Tonight, 30 minutes to launch, the power blows. Poof. A frantic call to the power company. Two hours, we're told, before power can be restored. So, we are sent to doorways and to the parking lots to direct parents back to their homes. Sorry folks, guess we'll meet you another night. I, personally, breath a sigh of relief. As the math teacher, I'm usually the one attacked at back to school night. Parents are sure if they don't get the math part of schooling situated JUST SO, their child will fail life. They want to talk and talk and question and on and on, and I just want to go home and sleep so I can teach the next day.

But, I'm not out of the woods. We've been told all will be rescheduled. So, another day of preparation. Another day of anticipation. Another piece of stress.

Also worth noting, I'm always amazed how quickly teachers can throw together an impromptu "let's get a beer" when the time calls for it.


I see their True Colors shining

Every class has a personality- the whole, the group, the mass. How does that happen? How does the group take on unique traits?
Today I had students find their True Colors. Students rate this and that, likes and dislikes, add here and tally there and suddenly a color appears and students split into four nice personality groups. I love this activity. I wait for it every year and see if my take on each group can be matched by the colors---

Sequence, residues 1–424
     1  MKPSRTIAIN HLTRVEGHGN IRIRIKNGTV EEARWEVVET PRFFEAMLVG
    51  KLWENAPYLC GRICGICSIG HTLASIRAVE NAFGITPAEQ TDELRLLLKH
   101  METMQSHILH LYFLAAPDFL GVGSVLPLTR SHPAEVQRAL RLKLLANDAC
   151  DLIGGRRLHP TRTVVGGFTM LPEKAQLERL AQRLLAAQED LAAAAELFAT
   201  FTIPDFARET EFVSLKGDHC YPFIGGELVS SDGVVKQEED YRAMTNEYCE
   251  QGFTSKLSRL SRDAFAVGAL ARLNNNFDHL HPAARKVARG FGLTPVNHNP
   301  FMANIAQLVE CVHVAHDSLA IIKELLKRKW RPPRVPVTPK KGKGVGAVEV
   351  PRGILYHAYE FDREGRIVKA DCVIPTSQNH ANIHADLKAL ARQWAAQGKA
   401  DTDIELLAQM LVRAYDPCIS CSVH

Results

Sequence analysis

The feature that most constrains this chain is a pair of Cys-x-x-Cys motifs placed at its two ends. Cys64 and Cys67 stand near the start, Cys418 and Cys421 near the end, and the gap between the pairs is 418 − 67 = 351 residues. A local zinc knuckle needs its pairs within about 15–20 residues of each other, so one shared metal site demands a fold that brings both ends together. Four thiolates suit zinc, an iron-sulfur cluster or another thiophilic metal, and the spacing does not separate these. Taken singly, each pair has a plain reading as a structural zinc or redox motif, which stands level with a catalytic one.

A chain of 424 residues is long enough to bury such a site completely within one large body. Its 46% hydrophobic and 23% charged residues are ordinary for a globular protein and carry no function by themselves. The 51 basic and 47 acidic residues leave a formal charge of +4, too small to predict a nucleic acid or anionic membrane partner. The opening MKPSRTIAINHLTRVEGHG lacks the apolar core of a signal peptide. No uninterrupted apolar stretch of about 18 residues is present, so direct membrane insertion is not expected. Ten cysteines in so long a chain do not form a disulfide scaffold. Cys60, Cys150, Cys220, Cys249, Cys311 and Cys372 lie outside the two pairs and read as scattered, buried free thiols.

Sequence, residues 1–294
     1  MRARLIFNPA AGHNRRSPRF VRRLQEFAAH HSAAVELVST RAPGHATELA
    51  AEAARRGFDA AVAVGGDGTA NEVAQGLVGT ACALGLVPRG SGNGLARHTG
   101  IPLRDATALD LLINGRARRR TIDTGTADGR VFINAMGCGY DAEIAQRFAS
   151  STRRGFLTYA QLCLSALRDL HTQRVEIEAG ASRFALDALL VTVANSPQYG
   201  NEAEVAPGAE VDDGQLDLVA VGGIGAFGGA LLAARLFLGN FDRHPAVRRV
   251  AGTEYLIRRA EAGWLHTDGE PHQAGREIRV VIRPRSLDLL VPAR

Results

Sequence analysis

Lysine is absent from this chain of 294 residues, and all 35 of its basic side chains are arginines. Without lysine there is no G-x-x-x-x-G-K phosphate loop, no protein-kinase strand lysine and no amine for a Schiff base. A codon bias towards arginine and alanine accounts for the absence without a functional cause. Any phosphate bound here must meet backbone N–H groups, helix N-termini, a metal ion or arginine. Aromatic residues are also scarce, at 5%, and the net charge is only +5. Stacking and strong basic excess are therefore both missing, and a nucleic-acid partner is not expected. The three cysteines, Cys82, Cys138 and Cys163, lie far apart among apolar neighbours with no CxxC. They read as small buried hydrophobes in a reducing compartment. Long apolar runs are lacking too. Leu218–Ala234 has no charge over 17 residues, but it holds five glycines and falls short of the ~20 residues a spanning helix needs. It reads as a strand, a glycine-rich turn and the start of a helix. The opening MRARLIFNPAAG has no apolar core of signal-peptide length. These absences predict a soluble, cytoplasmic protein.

My morning group - from day one, sweet, full of inquiry, polite. We have class discussions and people raise hands and offer insight. We finish right on time. When we get out planners to write homework, I see busy pencils filling in the blank next to math. This group has the most BLUES . Check!
My after lunch group- little noises all the time, if I'm not careful they'll soon drive me crazy. High energy, full of chatter. Every comment from me sets off 10 separate conversations around the room. They do better in groups. Note taking days will be like pulling teeth. This group has mostly REDS. Check!
My last group of the day- they get it done. Yes, energy, but mostly focus. They want directions, they want the work, and they want to get going. Class discussion falls short, people don't want to raise their hands, they just want to get ON with it. This group has more GOLD than I've ever had. Check!